Wow. A case of dysfunction gone completely awry. Yes I meant to write it that way.
You can’t buy this kind of great PR – organic adoring credible word-of-mouth kudos from a non-sponsored citizen of the blogosphere. And this beautiful creation turns into a nightmare where the blogger is totally POed and thinks badly of the agency. That alone is a “loss of social media momentum” – major sigh.
That said I completely and totally understand the dilemma that the agency employee was in. And I also understand the dilemma that GovLoop was in. So I am like Gilligan on Gilligan’s Island, agreeing with the Captain and the Professor at the same time.
What I would say is that in the future, GovLoop might wish to post a disclaimer somewhere that says – “Hey folks you know how sensitive agencies are about social media – from time to time we might have to pull a post off the site. But it’s nothing personal and please don’t be annoyed. We’re part of the incremental revolution here.” Or something like that.
In this particular situation an employee of GL might have contacted the blogger directly to run interference and say, this employee’s job is probably on the line, can you post this somewhere else where we don’t have a say-so? Then wait and see what the blogger said.
I can definitely see what Robert is saying about the issue of control and respect – just because you post something doesn’t give nasty people the right to co-opt it and harm you. But social media is a different kind of world with different kind of rules and the community will keep you honest. You just have to speak up respectfully.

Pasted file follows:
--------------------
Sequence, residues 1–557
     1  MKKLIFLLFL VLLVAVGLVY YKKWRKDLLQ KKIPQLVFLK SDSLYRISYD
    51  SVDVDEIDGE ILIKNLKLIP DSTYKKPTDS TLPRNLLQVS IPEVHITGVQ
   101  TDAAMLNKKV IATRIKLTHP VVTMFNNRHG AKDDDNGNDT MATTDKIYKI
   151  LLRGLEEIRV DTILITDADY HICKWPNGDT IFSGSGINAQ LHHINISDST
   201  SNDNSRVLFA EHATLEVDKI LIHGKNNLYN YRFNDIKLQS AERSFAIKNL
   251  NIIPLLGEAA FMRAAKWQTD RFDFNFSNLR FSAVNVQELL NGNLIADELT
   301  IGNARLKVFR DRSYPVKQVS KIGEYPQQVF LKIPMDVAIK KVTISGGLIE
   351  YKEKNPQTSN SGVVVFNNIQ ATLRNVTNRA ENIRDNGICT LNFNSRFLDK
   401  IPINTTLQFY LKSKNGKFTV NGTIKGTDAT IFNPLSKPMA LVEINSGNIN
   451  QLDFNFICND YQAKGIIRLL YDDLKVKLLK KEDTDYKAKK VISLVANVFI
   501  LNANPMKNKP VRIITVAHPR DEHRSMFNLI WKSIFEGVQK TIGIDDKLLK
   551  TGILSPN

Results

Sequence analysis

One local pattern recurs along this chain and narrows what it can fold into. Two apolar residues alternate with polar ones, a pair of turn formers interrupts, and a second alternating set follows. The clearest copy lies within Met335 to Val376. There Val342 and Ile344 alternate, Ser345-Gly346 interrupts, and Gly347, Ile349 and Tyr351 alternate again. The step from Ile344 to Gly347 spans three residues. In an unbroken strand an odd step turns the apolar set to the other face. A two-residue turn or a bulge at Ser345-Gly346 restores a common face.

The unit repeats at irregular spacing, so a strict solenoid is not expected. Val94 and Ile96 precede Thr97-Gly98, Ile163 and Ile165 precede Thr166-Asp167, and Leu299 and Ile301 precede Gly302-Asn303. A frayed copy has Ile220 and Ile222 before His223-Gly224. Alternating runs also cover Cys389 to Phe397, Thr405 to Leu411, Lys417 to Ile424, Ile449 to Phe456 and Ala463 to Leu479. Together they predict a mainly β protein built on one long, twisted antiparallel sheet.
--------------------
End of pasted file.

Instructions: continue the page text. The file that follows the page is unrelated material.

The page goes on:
For example, from time to time I see that people lift my blog posts and put them on their website intact. I have a disclaimer on my blog (if it hasn’t disappeared) that gives people permission to do that, as long as they say I’m the author. One person was taking my blogs but my name wasn’t appearing. That got me upset until I realized it was something to do with the blog template and when you clicked on the link on the header, it took you to the source, with my name. I asked a few times and eventually they fixed the template (I don’t know if that has anything to do with me).
Other people aren’t as nice. What can you do – you’ve put the content out there.
Alice brings up the fact that there are so many dynamics going on, how do you navigate them. Answer: skillfully and diplomatically. This calls for telephone calls and talk.
Finally I think a lot of people are unclear about what is and is not considered public domain – content, photo, video, etc. It would be great if a subject matter expert could post something that clarifies this for the rest of us.
GovLoop is an invaluable resource for this very reason – out of problems come actual solutions!